But really, this post is supposed to be less about mundane bullshit and more about specific mundane bullshit. Ever since the election, I've begun daily action. Do I skip days? Yes. Do I forget days? Yes. But more often than not, I'm calling my representatives to bug them about something or other--an appointment hearing, a bill. Because I am progressive-in-Texas, more often than not, I'm calling to oppose something that I have no faith my representatives will actually oppose. Sometimes I'm pleasantly surprised.

When I started this process, like so many of us, I was on fire about EVERYTHING. I could literally feel my heart rate rising and my anxiety kicking up the further I read through the news. Now, I've upped my anxiety meds and fallen into a groove of things that I do, and it's a lot easier. It's a part of my day. It's fairly mundane but important. It's an adulting step just like doing work or cleaning the house.

Here's a quick list of the things I do. This is less about patting myself on the back (I have a headache and I can't reach) and more about hoping it'll help you fall into your own groove:

  • I skim through the news to see what fresh hell is brewing. I prefer the New York Times Daily Briefing which is delivered to my inbox. Or, if I'm already on Facebook, I'll zip over to the Washington Post's page to see what's shaking. 
  • I usually have an idea of what I want to call about as I'll hit on the latest thing or I'll cycle through a few issues, but if I need help, a reminder, a script, I'll go over to CallThemIn because it's so damn easy. Script, check! Input your ZIP and get your reps' phone numbers, check! 
  • If I'm floundering for something to do/say, I'll also check out the "Do a Thing" tiny letter. Also delivered to my inbox. 
  • I have my representatives on speed dial. No, literally. I told my husband a couple of months ago that I was putting John Cornyn and Ted Cruz into my "favorites" call list so they'd be close at hand. I guess he didn't listen or didn't take me seriously because when he actually picked up my phone and went to the faves (I think he was calling my mom), he laughed out loud. THEY ARE LITERALLY ON SPEED DIAL.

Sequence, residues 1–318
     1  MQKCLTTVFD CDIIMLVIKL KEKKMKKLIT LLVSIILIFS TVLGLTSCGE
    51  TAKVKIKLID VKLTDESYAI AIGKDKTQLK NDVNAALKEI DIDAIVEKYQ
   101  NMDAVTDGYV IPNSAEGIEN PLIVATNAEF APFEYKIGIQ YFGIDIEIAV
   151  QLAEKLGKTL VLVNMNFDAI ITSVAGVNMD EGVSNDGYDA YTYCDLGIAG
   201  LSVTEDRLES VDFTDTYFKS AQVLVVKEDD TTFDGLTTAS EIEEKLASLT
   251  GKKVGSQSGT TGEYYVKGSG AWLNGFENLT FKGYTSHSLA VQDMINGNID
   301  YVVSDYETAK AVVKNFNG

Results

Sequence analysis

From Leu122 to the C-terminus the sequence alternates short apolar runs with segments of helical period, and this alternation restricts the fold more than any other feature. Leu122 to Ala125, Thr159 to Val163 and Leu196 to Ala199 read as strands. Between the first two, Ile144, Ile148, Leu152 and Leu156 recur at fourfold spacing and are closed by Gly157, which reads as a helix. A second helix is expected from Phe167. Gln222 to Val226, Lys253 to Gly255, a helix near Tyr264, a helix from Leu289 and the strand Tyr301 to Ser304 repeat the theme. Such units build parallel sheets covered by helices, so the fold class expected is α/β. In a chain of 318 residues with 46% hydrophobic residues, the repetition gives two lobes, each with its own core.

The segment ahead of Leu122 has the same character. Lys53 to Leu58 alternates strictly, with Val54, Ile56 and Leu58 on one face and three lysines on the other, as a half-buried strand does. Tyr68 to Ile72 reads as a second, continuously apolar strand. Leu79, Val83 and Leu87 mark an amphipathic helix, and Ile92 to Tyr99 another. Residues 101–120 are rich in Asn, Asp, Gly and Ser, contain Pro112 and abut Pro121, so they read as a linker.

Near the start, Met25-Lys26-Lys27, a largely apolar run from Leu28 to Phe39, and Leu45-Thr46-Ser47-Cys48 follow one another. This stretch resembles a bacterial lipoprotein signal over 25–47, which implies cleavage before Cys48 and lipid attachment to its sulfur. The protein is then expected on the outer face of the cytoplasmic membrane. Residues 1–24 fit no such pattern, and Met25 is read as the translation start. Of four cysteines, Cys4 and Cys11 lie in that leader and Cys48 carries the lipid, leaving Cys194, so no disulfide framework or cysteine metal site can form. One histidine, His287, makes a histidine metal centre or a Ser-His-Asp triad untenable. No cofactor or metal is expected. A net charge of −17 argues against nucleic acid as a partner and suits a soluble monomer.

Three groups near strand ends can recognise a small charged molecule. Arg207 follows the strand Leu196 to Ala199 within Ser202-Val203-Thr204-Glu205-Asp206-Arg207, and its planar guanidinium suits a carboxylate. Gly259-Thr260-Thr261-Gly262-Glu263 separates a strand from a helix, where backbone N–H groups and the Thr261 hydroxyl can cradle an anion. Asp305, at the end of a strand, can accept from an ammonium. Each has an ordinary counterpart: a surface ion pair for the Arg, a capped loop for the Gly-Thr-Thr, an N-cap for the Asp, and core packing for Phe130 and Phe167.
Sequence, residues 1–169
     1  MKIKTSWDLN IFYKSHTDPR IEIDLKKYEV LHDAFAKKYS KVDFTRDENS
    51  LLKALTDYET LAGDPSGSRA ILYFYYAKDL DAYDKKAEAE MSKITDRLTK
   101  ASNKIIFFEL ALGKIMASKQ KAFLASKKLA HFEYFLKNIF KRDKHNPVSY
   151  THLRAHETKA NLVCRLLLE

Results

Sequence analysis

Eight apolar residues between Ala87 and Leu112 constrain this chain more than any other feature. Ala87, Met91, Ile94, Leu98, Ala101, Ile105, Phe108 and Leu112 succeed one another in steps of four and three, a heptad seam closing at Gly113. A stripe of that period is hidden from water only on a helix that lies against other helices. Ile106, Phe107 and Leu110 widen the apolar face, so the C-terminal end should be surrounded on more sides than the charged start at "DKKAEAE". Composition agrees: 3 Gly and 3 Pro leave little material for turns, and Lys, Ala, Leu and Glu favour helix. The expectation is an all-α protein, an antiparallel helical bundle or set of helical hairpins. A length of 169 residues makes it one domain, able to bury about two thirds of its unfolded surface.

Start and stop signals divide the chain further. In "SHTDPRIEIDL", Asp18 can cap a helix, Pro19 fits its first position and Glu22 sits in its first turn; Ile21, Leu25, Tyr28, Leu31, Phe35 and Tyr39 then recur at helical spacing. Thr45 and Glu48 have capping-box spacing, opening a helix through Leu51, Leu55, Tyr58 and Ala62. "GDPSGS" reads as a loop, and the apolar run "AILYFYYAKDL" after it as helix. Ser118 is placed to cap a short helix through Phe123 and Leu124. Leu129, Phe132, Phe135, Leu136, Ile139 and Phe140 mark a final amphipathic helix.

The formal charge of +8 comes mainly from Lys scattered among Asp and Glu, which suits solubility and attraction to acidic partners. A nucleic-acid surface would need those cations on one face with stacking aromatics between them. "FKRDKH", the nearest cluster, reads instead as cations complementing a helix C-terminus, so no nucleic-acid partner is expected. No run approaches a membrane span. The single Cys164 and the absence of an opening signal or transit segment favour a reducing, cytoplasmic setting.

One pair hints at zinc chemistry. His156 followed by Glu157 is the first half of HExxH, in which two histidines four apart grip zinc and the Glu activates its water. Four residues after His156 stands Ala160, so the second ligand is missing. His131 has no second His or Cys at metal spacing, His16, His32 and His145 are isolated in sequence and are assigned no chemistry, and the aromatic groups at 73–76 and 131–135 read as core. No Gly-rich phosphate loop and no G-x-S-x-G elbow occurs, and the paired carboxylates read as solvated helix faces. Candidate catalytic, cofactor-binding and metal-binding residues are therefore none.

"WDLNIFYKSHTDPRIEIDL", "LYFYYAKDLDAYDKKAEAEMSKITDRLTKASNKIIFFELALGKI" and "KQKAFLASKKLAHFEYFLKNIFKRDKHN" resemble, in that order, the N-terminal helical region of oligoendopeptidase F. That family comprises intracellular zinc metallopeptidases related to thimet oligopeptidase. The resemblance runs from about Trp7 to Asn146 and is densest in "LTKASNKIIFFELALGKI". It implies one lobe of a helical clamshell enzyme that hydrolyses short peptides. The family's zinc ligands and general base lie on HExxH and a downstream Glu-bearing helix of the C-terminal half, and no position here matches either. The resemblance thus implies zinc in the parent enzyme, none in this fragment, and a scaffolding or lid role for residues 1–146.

• Because I like to call them in the morning...when I'm sitting down with coffee, before I'm completely coherent, sliding into my day, and before their voicemails are full (except you, John Cornyn, I see you). 
  • I also added all of their addresses (US, State) to my planner because I'm trying to write more postcards when I have spare moments. 
So that's it. That's how I've kinda/sorta streamlined contacting my representatives on the daily. Because hey, if Trump can be president, I can be politically engaged forever and ever amen. Because every voice matters. 

Go raise some hell. 

OH, and before I forget, Daily Action has a way of reminding me of things I forgot. I follow them on Facebook and LOVE THEM HARD. 

Wednesday, March 22, 2017

Running Journal 1: Don't Call It a Comeback

A couple of weeks ago, my husband came barrelling through the kitchen with his planner in hand with a look of purpose on his face. When I asked what he was up to, he said, "I'm going to run the Fox Fest 5K in May."


So back up to the end of August 2016. The ridiculously hot weather completely zapped my energy and will to run, and I started to fade in my regular running practice. We had planned to do a 5K in September or October, but my son's Cub Scout camping trip changed those plans.

Alas, since then, my running has fallen off. I've made a few unsuccessful attempts to re-start to no avail.

Until hubs declared his 5K participation. Now it looks like I'll be running my first race in two months, whether I'm ready or not!

I'd rather be ready, so I'm back to work. The first time around, when I blogged about Couch to 5K last year, I said I wish'd I'd kept a running journal, so here we are. I rewound my C25K plan to Week 3 in order to get level with my current fitness and get ready for the race in time. I've been at it a week or so.

The first run was great. Never felt better. I even did a few extra intervals because I had some gas left in the tank. On the second day, I was a little slower and felt heavier. I had some mild knee pain and just felt slow. Today, run three, was a beast. Mild knee pain, foot pain that faded, and a bitchin' heel blister that came up halfway through. But it's done, and overall, my pace is markedly improved from last year when I started this journey.

The truth of the matter is that running will never be as hard as it was the first time. The days when I would run 15 seconds and wish for death. Ha! I've never felt as healthy, strong, and badass as I did when I was running regularly, and I desperately need those positive feelings these days when my creativity has largely been sapped and overwhelmed.

Wish me luck friends. I'll need your good thoughts.
Images by Freepik